The page, or range of pages, where the information is found is identified by a “p.” for a single page or “pp.” for multiple pages. For example:

Although the APA style can seem difficult, it often is very easy to use once it has been practiced (Jones, 1998, pp. 24-32).

When you are citing an electronic, online material, or a source that doesn’t have a page number, use the paragraph number where the information is found. The paragraph number is indicated by “para.” An online source cited like this would look like this:

The APA style has shown a 25% increase in knowledge retention (Jones, 1998, para. 3).


If you are directly quoting from a work, you will need to include the author, year of publication, and the page number for the reference (preceded by “p.”). Introduce the quotation with a signal phrase that includes the author’s last name followed by the date of publication in parentheses, as in an integrated citation.

According to Jones (1998), “Students often had difficulty using APA style, especially when it was their first time” (p. 199).

If the author is not named in a signal phrase, place the author’s last name, the year of publication, and the page number in parentheses after the quotation, as in a parenthetical citation.

She stated, “Students often had difficulty using APA style” (Jones, 1998, p. 199), but she did not offer an explanation as to why.

The following section presents a more in-depth discussion of parenthetical and integrated in-text citations.

In-Text Citations: Author/Authors

In-text citations are used to show where you retrieved the information that you are using to make specific arguments in your writing.

Citing an Author or Authors

A basic citation will always use the author-date system. The pages the information is found on can also be included.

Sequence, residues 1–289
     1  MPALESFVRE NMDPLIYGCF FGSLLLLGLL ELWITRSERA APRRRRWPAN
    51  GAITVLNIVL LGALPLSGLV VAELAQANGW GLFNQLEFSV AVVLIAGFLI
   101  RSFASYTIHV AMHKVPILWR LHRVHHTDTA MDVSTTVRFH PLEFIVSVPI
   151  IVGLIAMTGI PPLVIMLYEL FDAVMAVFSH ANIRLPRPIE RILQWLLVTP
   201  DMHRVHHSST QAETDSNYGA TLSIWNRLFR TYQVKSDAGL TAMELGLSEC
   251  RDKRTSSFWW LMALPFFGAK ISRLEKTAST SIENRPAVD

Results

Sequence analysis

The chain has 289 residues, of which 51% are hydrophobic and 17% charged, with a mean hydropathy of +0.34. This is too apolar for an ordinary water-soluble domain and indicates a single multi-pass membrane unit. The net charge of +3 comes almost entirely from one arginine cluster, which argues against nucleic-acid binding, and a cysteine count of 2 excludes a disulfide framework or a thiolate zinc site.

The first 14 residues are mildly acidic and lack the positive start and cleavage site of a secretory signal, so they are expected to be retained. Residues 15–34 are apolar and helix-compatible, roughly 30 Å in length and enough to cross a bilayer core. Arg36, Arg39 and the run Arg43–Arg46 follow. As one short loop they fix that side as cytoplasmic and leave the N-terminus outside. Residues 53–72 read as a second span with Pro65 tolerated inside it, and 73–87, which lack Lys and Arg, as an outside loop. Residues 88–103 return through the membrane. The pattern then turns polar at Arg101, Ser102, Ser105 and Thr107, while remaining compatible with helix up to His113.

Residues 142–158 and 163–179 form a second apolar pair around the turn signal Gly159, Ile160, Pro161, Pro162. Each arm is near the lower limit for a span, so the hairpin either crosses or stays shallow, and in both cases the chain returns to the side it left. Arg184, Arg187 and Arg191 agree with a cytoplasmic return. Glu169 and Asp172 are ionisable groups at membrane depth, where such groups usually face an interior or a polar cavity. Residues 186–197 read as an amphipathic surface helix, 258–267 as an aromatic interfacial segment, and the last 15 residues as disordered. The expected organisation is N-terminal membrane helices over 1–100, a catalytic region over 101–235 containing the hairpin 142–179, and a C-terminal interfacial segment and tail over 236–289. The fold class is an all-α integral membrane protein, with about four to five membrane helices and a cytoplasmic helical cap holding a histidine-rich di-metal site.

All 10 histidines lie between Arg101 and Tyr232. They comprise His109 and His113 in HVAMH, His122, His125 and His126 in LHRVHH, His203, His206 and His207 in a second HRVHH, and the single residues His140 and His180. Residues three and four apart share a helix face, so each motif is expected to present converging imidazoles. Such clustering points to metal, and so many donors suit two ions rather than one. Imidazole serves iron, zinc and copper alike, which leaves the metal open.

(Evans, 1992, pp. 139-140)

A Work by Two Authors

Name both authors in the parentheses each time you cite the work. Use the word “and” between the authors’ names within an integrated citation, and use an ampersand (&) in a parenthetical citation:

(Fine & Waeyenberge, 2013)

A Work by Three to Five Authors

List all the authors in parentheses the first time you cite the source. Include a serial comma before the ampersand.

(Johansson, Heady, Arnold, Brys, & Vartia, 2008)

In later citations, only use the first author’s last name followed by “et al.” (meaning “and others”) in parentheses. Note that in “et al.,” the “et” should not be followed by a period.

(Johansson et al., 2008)

Six or More Authors

Use the first author’s name followed by et al. for every citation, including the first.

(Kirchler et al., 2012)

Unknown Author

If there is no author listed for the source, cite the source by its title in the signal phrase, or use the first word or two in a parenthetical citation. Titles of books and reports are italicized or underlined; titles of articles, chapters, and web pages are placed in quotation marks.

A similar study was done of students learning to format research papers (“Using APA,” 2001).

In “Using APA” (2001), students learned to format research papers.

Note: In the rare case “Anonymous” is used for the author, treat it as the author’s name (Anonymous, 2001). In the reference list, use the name Anonymous as the author.

Organization as an Author

If the author is an organization or a government agency, write the organization’s full name in the signal phrase or in the parenthetical citation the first time you cite the source.

The purpose of the style was to give clarity and simplicity to the writing (American Psychological Association, 2000).

According to the American Psychological Association (2000), . . .

If the organization has a well-known abbreviation, include the abbreviation in brackets the first time the source is cited and then use only the abbreviation in later citations.

First citation: (Mothers Against Drunk Driving [MADD], 2000)

Second citation: (MADD, 2000)

Two or More Works Cited at the Same Time

When your parenthetical citation includes two or more works, order them the same way they appear in the reference list, separated by a semi-colon.

(Chang, 2006; Wade, 1990)

If multiple works by the same author or authors are cited simultaneously, use commas between the publication years, again, listing the sources in the same order that they appear in the reference list.

(Amsden, 1989, 1997)

Authors with the Same Last Name

To prevent confusion, use first initials when last names are the same. The first initial should appear before the last name of the authors.

(G. Johnson, 2001; P. Johnson, 1998)

Two or More Works by the Same Author in the Same Year

If you have two sources by the same author in the same year, use lower-case letters (a, b, c) with the year to order the entries in the reference list. Use the lower-case letters with the year in the in-text citation.